You have just mentioned the building management system or the building control system. What can you already monitor with this today?
Today, we have a building control system in which you can manage about 70,000 data points, have more than 1,000 systems connected, and control the plant. Control means we run the plant based on production. So as the production runs, so our plant is switched on or off accordingly. This is done via the building control system and, in addition to this, there is an energy demand reporting system in which the user in the plant reports his demands, which are outside the normal production program, to us. According to the energy demand report, the system is then operated by us via the building management system, via the control technology.
Such a system would then be a ventilation system, for example?
Yes, there are many ventilation systems. Due to their size, the ventilation systems naturally also represent a high proportion of energy consumption. And here, of course, how the production runs and a precisely controlled use of the ventilation system are enormously important in order to save energy accordingly and to be more energy efficient. What we also monitor is our weekend energy usage. We also have these in the monitor so that we can see that we are also switching off all consumption as much as possible at the weekend in order to achieve the lowest possible energy consumption. We do regular master weekends for this purpose. That is, we determine the minimum energy consumption in a building over the weekend. We set this value as a target and it is then monitored on a weekly basis and sent to the relevant areas to check whether we have reached the target or why we have not reached it. What measures need to be implemented to achieve the goal?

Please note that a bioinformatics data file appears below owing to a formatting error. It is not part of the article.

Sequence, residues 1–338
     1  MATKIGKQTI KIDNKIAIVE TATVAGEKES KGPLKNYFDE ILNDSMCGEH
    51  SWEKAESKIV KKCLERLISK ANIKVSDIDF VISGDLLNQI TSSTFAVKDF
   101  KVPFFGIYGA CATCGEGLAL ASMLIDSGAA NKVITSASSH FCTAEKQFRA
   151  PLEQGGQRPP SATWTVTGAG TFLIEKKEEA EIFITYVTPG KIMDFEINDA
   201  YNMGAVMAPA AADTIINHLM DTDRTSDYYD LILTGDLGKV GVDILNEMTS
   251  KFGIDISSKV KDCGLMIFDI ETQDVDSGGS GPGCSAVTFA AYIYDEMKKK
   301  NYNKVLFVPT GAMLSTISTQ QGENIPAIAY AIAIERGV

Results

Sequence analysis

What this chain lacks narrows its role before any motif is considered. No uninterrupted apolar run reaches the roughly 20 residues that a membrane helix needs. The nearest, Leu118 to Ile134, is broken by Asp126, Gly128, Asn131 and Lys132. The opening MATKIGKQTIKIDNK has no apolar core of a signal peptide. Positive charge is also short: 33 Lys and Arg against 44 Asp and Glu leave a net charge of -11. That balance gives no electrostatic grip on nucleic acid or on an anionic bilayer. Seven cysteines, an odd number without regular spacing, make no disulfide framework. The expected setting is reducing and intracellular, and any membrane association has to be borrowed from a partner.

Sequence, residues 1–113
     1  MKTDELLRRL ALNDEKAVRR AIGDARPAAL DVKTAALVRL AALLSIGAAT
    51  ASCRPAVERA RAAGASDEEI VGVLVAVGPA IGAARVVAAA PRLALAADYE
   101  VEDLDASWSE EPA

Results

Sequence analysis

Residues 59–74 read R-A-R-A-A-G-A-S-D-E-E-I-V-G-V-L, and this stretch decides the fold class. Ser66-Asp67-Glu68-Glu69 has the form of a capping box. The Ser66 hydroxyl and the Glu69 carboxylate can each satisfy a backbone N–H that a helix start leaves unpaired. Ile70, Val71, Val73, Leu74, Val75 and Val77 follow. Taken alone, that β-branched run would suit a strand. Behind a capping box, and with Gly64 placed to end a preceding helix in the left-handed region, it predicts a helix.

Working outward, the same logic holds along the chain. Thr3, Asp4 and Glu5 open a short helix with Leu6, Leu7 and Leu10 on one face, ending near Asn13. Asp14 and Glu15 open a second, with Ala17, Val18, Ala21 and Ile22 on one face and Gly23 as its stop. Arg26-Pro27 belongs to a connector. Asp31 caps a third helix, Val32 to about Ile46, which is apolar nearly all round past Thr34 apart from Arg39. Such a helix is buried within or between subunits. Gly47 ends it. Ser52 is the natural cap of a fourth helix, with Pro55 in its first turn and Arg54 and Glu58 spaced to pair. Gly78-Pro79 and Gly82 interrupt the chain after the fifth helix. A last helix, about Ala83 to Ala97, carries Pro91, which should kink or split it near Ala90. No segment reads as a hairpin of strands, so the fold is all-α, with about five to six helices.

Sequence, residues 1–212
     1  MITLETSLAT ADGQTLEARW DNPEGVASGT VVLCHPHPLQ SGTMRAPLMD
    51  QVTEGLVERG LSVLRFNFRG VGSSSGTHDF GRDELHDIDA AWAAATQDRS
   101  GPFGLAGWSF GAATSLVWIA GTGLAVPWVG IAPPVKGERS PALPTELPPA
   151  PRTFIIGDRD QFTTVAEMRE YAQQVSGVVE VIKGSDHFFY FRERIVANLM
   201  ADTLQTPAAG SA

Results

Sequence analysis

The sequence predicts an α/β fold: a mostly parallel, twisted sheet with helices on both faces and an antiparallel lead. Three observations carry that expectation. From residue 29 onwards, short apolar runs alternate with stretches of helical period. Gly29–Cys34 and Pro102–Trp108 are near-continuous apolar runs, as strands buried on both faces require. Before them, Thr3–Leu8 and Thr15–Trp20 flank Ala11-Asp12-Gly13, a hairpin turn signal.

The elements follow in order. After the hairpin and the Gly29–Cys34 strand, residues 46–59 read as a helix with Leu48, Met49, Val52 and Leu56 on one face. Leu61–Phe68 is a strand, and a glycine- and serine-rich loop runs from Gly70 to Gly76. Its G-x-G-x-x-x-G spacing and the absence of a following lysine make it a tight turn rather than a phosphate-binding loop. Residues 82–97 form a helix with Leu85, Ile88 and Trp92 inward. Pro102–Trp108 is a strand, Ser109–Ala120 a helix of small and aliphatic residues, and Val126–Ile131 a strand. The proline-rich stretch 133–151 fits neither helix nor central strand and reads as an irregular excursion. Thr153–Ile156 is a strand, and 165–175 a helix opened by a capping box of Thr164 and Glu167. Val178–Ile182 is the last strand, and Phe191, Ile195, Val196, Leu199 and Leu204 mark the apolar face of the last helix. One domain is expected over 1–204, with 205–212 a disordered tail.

And these ventilation systems are then also already monitored accordingly via your building management system and alarms for limit values etc. are probably already stored there, right?
Yes, we have also stored threshold values in order to recognize in advance when a plant is running in a certain limit range and then to be able to intervene in time. A very simple example is a filter change of a ventilation system. This is monitored via the differential pressure in the ventilation system and, depending on the differential pressure, the filters are then changed in good time.